|Contact Information for College of Agriculture, Biotechnology & Natural Resources|
|Website||College of Agriculture, Biotechnology & Natural Resources|
|Location||Max Fleischmann Agriculture Building|
|Address||1664 N. Virginia Street
Reno, NV 89557-0222
As the driest state in the country, Nevada might not seem a likely place to solve some of the nation's most pressing needs for natural rubber and biofuel. Rubber trees grow in the rainforest, right? Biofuel like ethanol needs millions of acres of corn, right?
Well, not necessarily.
Two Ph.D. candidates from the biochemistry department of CABNR have made remarkable inroads into both of these critical questions - all while raising a family and working with plants readily available in the Silver State.
Upul and Leyla Hathwaik met when they were both undergraduates in biochemistry at UNR and were married seven years ago. They both finished work on their respective Ph.D.s with CABNR in late 2012, and now are looking for post-doctoral positions as they await the arrival of their second child.
Upul, 35, was considering going to medical school when he took a job as a lab assistant with David Shintani, now the Associate Dean of Resident Instruction at CABNR, and quickly realized he loved being in the lab. So he decided he would focus on research.
Since then, he has concentrated on analyzing the potential of rabbitbrush as a source of natural rubber. Rabbitbrush - the desert plant that blooms in the fall and often triggers allergic reactions as its yellow flowers blossom - is fairly common in Nevada. But most people don't realize that rabbitbrush produces a high-quality rubber that has several physical properties analogous to existing commercial natural rubber producers.
Natural rubber is produced from the latex tapped from rubber trees (Hevea brasiliensis) in South Asia. Right now, these trees are the sole source of natural rubber in the world, and 90 percent of the trees are located on plantations in five South Asian countries. The rubber is used in more than 40,000 products - from tires to medical instruments - and in 2011 the United States spent $4.4 billion importing natural rubber. Researchers have never been successful in designing a synthetic product with the same characteristics of natural rubber.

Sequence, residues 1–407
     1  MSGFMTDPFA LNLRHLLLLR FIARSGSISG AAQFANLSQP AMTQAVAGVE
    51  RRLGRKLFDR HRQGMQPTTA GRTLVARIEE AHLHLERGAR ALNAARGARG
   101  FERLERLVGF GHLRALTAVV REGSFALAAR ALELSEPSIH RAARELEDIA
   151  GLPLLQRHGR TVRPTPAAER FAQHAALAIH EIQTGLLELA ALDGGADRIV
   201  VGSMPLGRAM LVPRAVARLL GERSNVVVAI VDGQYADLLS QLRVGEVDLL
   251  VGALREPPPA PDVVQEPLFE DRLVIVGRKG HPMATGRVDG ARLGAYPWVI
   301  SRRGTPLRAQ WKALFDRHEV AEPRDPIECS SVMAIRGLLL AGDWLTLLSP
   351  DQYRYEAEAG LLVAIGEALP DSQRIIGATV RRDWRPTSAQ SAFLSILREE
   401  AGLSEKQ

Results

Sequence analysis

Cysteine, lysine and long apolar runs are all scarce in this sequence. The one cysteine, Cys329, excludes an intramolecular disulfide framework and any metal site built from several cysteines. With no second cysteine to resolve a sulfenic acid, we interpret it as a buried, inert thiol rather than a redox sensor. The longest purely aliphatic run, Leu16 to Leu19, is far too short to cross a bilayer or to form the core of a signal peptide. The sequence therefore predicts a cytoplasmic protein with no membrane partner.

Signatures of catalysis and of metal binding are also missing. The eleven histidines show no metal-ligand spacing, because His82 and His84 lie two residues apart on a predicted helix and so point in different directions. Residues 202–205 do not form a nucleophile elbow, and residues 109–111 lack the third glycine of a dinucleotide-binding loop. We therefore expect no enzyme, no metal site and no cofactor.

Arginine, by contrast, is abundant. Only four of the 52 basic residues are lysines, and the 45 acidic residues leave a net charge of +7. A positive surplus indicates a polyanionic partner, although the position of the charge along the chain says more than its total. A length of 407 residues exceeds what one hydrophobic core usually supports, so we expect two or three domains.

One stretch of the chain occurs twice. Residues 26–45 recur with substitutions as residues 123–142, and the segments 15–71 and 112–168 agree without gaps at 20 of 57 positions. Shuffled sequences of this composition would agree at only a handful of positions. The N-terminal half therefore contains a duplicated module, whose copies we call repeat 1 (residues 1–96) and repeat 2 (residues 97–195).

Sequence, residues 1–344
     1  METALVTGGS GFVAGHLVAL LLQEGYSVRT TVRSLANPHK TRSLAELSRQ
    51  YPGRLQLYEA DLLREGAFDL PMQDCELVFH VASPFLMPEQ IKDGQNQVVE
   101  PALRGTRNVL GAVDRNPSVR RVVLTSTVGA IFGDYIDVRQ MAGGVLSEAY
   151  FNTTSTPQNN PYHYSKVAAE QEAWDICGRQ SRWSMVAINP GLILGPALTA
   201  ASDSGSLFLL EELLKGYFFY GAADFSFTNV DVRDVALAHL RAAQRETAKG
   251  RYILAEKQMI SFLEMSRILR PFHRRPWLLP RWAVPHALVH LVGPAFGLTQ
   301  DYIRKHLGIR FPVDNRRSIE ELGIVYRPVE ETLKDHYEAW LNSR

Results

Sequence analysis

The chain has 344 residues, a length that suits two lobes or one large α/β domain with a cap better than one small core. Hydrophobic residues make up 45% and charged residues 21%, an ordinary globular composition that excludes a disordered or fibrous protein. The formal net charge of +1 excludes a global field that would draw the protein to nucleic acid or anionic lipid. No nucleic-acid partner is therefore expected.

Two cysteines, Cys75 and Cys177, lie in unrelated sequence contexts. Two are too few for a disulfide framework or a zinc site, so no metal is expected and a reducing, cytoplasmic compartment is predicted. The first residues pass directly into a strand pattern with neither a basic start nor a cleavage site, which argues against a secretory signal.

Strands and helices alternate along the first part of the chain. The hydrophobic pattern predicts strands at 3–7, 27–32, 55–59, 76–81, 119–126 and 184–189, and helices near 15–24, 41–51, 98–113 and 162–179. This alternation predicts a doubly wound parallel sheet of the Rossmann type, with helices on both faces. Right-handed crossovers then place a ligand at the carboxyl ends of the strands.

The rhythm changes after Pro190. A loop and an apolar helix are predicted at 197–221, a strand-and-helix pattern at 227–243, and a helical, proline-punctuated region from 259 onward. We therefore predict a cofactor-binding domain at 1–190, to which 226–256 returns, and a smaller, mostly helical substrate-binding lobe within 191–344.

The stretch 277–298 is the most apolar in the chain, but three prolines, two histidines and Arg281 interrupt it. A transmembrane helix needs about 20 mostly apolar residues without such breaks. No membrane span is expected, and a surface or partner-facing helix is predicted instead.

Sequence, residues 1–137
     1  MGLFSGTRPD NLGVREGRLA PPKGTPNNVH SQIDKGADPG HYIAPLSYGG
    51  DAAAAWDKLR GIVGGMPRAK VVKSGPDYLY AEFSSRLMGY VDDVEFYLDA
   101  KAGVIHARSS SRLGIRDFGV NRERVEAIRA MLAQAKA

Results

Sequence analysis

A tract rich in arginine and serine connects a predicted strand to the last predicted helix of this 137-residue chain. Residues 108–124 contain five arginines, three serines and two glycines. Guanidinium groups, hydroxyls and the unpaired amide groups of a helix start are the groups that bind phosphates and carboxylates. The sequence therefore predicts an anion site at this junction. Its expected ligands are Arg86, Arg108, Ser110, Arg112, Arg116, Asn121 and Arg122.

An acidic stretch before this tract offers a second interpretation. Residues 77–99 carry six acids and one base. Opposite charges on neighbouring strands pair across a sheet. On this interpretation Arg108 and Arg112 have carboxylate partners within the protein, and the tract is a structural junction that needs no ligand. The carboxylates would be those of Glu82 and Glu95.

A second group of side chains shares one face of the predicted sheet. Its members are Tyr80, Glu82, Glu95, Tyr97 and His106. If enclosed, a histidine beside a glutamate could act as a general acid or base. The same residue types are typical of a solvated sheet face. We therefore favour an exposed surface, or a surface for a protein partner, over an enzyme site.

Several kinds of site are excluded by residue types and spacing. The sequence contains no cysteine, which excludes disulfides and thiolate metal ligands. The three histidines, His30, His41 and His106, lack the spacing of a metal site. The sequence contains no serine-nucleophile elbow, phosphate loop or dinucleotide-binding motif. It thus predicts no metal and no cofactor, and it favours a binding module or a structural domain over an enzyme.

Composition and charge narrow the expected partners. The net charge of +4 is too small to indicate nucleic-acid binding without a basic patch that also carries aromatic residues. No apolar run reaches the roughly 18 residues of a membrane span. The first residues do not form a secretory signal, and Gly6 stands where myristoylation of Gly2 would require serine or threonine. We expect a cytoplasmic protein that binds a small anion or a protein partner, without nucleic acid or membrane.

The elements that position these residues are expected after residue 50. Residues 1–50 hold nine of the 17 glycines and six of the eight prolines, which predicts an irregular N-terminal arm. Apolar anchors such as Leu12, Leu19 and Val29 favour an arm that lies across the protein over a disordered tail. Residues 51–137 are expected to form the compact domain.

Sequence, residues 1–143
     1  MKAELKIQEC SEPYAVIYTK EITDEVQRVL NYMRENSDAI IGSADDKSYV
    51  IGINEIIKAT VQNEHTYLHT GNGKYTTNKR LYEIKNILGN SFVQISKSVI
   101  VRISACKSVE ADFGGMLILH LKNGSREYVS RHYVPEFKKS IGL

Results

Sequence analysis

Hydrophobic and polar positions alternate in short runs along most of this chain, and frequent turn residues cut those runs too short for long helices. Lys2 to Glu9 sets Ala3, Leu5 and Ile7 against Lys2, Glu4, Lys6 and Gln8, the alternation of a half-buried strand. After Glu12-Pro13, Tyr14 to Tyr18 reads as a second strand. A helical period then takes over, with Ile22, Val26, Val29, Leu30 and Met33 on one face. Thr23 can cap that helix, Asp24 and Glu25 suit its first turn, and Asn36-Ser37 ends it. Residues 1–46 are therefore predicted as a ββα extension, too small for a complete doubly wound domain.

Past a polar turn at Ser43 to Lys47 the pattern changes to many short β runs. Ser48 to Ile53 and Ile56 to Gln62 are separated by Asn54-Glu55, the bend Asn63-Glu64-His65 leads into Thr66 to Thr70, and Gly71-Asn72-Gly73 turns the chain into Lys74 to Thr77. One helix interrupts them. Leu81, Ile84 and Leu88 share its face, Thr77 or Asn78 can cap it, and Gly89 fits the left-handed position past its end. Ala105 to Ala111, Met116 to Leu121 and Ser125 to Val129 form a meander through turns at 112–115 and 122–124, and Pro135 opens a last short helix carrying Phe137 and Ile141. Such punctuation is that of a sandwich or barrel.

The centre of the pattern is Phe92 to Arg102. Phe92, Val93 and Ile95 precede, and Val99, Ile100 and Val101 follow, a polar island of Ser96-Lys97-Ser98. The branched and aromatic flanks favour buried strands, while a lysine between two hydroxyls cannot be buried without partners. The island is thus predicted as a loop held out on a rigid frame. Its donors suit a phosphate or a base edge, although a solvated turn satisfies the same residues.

What's more, the biosynthetic pathway that produces natural rubber has also never been fully understood, and that has become another major avenue of Upul's research.
Upul and Shintani began collecting and analyzing rabbitbrush samples from around Nevada in 2006 and ultimately found that some of the best rubber was produced in rabbitbrush on Gund Ranch near Austin. Surprisingly, the better samples came from smaller plants living in areas with little water and poor soils.
More research is needed, Upul stressed, before rabbitbrush can become a domestic rubber supplier. But work is also under way to further analyze the commercial potential of rabbitbrush resin as well as the biomass residue left after rubber extraction.
"We think it eventually could become a domestic source of rubber, and if that happens, we would be less dependent on imports," he says. "Demand for rubber is increasing, but the supply is not."
Leyla, meanwhile, has been at work in the lab of CABNR's Prof. John Cushman, studying the potential for using microalgal culture to produce biofuels.
"Microalgae are high in oil and starch," Leyla says, "so we're looking at them as useful feedstocks for biofuel production."
Much of her work has focused on developing methods for selecting, identifying and improving microalgae stains with enhanced lipid or starch content. One method involved using continuous Percoll buoyant density gradient centrifugation to isolate cells with higher lipid or starch content. The second approach utilized Fluorescent Activated Cell Sorting to find and isolate those microalgae cells with high oil and starch content. Leyla also worked with a plastome transformation method to genetically improve feedstock traits.
"It's going to be a long process for this to be commercially available and affordable," Leyla says.
"But companies are putting a lot of effort into getting us there and maybe in the future we'll have a product from microalgae that can be blended with gasoline as a form of fuel."
Leyla originally worked on understanding the evolutionary origins of Crassulacean acid metabolism, a mode of photosynthesis, in orchids, but when Cushman got a grant to work on microalgae as a fuel source, she fell in love with that work.
"We need to find an alternative source of fuel, and I think this would be a good one," she says.